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Are Parents Being Hoodwinked by the Public Schools?

1 ½ min

When it comes to public education, parents are quick to condemn the system as a whole, but give a positive rating to their own local schools. As Gallup discovered a few years ago, 75% of parents express satisfaction with their child’s education.  

Judging from a new survey released by Learning Heroes, that high percentage of satisfaction may be related to a false perception many parents have about their child’s performance in school.

In the process of surveying over 1,000 parents, researchers found that 90% of them believed their child was performing at or above grade level in reading. As the survey pointed out, such a perception clearly cannot be right, for official test results from the Nation’s Report Card show that only a third of students achieve this status.

To make matters even worse, that 34% number is actually the crème de la crème when it comes to all subjects tested by the Nation’s Report Card. Eighth grade students hit bottom in U.S. history with only 18% of students achieving grade level.

So why do parents have this false perception that their child is doing just fine in school? The fault may lie with the public schools themselves. As education policy researcher Morgan Polikoff tells NPR:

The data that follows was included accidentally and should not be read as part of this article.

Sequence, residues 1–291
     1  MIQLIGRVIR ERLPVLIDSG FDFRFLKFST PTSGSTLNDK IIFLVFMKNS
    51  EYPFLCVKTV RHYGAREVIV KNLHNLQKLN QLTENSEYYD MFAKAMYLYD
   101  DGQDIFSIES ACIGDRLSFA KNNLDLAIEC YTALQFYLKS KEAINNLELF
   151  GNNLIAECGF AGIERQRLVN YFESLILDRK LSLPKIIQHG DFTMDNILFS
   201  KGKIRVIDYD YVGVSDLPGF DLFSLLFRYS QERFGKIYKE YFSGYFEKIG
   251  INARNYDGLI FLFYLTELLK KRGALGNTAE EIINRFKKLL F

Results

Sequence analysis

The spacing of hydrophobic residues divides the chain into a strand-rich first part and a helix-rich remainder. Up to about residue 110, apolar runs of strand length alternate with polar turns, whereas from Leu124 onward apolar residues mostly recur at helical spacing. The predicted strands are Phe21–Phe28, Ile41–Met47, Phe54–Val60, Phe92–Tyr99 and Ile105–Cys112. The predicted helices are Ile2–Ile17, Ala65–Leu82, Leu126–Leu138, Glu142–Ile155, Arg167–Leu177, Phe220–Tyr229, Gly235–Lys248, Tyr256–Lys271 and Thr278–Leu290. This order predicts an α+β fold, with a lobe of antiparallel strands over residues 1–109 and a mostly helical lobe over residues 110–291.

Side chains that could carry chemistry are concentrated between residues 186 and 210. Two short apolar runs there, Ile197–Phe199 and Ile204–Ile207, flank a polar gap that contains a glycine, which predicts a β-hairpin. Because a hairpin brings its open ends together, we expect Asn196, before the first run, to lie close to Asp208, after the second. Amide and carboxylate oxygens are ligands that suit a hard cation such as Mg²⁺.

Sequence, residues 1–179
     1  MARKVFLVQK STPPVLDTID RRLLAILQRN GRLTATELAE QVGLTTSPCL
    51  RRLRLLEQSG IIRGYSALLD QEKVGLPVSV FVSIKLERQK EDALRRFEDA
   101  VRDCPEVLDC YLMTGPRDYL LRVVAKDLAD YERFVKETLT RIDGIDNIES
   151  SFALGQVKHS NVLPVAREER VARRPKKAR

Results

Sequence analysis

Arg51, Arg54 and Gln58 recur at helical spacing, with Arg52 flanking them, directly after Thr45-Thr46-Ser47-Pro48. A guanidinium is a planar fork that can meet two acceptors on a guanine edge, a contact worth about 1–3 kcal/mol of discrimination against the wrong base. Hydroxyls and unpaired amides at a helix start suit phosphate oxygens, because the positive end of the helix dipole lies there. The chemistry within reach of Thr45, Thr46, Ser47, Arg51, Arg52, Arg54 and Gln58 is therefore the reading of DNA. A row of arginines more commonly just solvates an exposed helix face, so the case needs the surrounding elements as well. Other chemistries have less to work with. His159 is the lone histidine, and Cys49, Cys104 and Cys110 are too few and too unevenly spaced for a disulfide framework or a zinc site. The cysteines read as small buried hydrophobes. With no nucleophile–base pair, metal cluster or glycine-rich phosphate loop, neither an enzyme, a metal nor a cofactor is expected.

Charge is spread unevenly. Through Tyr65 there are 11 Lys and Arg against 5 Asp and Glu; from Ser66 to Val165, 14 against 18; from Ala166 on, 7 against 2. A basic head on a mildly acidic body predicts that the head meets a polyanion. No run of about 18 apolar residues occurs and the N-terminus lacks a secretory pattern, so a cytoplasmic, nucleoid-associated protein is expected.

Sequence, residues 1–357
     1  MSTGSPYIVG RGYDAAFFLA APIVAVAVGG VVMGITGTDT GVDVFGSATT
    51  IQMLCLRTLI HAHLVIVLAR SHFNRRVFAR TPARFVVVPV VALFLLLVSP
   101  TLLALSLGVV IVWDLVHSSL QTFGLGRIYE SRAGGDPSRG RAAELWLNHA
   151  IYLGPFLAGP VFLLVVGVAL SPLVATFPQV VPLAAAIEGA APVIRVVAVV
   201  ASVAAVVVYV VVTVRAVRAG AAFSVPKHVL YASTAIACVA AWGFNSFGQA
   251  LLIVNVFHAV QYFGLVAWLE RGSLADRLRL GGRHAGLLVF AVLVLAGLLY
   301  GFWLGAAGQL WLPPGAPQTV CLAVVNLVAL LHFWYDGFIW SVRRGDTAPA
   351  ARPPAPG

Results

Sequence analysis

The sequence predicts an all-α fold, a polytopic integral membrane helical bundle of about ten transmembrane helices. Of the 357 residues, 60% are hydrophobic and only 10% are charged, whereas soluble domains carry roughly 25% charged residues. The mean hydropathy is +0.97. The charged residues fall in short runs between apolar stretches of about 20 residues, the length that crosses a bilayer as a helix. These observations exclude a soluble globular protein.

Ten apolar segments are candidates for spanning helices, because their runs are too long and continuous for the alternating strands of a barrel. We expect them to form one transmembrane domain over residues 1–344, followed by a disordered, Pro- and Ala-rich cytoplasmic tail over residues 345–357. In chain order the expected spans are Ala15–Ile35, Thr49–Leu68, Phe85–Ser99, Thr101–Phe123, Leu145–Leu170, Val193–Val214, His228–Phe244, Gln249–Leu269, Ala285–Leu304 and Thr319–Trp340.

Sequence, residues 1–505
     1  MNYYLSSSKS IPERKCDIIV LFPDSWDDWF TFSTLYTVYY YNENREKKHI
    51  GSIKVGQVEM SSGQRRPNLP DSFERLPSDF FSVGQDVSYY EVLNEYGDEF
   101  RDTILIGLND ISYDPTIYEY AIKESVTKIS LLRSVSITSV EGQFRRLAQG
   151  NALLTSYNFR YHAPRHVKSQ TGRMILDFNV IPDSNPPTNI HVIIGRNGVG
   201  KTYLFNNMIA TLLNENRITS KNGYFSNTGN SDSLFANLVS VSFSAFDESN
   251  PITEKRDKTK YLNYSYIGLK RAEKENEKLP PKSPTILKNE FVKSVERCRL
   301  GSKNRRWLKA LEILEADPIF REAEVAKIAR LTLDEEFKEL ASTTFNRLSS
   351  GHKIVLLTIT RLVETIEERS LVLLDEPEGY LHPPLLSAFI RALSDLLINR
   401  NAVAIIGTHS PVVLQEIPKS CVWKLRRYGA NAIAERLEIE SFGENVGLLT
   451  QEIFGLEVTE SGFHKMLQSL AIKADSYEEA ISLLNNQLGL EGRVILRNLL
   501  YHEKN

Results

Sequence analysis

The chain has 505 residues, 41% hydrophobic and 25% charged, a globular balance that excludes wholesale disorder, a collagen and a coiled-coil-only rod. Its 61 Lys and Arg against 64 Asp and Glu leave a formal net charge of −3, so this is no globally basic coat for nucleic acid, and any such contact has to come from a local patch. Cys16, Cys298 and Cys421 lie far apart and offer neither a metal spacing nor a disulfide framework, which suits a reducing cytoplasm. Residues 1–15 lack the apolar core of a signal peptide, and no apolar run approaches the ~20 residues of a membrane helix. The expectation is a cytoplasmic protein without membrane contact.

"Kids are getting passed on from grade to grade, a large percentage of kids graduate high school on time," he explains. "So certainly parents have been getting the message for a long time that their kids are doing just fine."

The public schools have long touted the idea that they provide a high-quality education for every child. But if they’re not providing that, as the numbers clearly show, is it time to come clean and let parents know what the facts really are so they can choose other education options?

Image Credit: Wooter Kersbergen bit.ly/1iowB8m

Annie Holmquist

Annie Holmquist

Annie Holmquist is the editor of Intellectual Takeout. When not writing or editing, she enjoys reading, gardening, and time with family and friends.

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